The Emery Walker House: The Last Arts & Crafts Interior

Fiona Rose

Every once in a while, in the Arts & Crafts World, you come across a little gem. The Emery Walker House at 7 Hammersmith Terrace in London is such a gem: a completely unspoilt Late Victorian interior filled with original Morris & Co furnishings and artefacts relating to William Morris and his circle.

7 Hammersmith Terrace was the home of printer and antiquary Sir Emery Walker, from 1903 to 1933, who decorated the Georgian terrace with wallpapers and fabrics from Morris & Co, the interiors firm belonging to his dear friend and mentor William Morris. Since 1903 the house has only been lived in by 3 people: Sir Emery, his daughter Dorothy and her companion. The interiors remain untouched from the turn of the century including a magnificent wall hanging of William Morris's 'Bird' textile, original 'Willow Bough', 'Apple' and 'Daisy' wallpapers and an abundance of furniture designed by Morris & Co partner Philip Webb. The rug in the Sitting Room is William Morris's bedroom rug, a gift to Sir Emery from Jane Morris after the death of her husband. Artefacts on display include William Morris's reading glasses and a lock of his hair taken on the day he died.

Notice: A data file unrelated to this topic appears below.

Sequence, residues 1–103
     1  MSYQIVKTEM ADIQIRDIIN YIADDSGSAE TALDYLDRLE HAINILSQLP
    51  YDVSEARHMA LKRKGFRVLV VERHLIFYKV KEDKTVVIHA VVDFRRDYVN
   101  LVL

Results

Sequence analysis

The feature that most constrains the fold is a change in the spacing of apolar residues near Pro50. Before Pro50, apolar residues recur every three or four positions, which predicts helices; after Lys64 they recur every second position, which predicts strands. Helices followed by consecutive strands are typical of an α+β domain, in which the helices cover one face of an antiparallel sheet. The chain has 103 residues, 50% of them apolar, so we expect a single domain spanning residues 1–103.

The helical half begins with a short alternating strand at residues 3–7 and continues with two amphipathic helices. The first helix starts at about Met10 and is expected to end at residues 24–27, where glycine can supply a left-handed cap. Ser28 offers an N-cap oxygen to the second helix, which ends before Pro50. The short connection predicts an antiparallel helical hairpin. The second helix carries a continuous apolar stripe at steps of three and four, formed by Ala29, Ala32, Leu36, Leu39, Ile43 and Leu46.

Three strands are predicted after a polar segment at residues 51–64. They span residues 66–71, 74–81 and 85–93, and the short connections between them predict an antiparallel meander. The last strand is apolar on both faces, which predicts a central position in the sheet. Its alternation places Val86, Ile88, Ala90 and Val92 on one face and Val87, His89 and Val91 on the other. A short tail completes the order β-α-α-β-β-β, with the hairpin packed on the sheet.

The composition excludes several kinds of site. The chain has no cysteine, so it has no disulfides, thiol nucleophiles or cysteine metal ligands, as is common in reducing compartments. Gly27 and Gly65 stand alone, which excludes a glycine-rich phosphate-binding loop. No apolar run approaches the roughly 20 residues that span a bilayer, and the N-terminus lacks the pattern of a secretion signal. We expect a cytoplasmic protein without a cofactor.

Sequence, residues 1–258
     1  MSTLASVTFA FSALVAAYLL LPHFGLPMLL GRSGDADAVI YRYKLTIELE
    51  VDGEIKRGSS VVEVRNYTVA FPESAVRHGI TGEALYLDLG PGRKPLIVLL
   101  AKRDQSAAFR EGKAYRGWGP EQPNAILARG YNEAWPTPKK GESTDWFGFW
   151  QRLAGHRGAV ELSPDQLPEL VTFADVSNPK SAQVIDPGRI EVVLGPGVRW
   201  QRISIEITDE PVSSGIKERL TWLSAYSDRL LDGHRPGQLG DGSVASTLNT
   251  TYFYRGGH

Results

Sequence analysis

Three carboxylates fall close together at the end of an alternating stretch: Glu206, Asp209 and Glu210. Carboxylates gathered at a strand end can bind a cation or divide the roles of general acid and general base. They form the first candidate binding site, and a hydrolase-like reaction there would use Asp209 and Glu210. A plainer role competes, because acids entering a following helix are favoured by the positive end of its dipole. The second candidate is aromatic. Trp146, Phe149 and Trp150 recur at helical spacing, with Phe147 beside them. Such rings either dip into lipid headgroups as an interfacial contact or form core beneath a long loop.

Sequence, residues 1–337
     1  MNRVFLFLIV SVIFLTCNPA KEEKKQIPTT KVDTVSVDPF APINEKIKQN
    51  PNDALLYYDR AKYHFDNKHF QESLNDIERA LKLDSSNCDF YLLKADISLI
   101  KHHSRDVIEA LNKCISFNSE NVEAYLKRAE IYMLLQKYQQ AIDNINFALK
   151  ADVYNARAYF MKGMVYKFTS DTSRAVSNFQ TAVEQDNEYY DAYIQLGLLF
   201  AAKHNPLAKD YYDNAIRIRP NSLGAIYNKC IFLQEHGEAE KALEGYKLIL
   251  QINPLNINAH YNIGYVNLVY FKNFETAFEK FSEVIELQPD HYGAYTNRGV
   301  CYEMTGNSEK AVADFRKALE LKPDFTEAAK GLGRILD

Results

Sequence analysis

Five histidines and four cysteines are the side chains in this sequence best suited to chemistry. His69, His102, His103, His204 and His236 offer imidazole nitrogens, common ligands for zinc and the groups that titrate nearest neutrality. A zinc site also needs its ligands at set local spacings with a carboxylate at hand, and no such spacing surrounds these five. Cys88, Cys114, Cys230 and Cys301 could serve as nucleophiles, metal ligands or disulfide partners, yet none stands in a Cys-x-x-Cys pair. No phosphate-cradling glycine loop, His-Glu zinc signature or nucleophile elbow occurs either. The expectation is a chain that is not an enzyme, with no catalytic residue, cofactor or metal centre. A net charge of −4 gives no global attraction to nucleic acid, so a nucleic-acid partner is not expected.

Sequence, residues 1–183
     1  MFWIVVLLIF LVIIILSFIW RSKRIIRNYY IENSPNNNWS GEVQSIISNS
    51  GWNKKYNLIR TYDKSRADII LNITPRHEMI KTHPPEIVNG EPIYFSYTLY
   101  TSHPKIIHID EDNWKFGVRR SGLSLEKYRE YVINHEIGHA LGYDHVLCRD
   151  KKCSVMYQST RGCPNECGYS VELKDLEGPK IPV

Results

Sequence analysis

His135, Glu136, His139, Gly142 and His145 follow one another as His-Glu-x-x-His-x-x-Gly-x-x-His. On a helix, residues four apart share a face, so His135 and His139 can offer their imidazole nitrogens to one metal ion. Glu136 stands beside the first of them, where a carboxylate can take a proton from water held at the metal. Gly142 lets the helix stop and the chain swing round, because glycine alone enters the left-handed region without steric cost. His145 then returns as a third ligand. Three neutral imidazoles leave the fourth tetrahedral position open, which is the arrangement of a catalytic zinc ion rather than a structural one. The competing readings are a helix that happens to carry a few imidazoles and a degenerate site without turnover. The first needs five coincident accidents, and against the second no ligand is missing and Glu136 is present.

Upon her marriage to Henry Halliday Sparling, May Morris lived next door at number 8 Hammersmith Terrace. The Walker and Morris families were close friends - Sir Emery helped William Morris set up The Kelmscott Press - and May designed and embroidered a beautiful bedspread for Dorothy that remains on display in her bedroom.

The Emery Walker House is open for timed pre-booked tours from April to October and is well worth a visit

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